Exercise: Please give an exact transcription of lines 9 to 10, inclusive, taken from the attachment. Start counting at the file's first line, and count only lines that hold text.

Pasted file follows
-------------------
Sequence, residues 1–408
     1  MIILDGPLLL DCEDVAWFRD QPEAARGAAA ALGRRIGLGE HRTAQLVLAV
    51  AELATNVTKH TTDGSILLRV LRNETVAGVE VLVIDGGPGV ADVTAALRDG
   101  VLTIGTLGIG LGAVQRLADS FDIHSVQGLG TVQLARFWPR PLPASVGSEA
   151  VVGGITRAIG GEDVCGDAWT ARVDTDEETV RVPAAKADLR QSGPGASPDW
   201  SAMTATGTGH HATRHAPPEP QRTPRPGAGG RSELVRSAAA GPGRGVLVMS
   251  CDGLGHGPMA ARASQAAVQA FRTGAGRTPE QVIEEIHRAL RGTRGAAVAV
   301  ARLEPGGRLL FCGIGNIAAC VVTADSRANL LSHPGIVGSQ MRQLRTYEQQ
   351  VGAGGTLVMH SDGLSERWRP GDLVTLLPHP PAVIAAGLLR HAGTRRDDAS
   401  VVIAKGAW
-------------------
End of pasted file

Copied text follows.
   351  VGAGGTLVMH SDGLSERWRP GDLVTLLPHP PAVIAAGLLR HAGTRRDDAS
   401  VVIAKGAW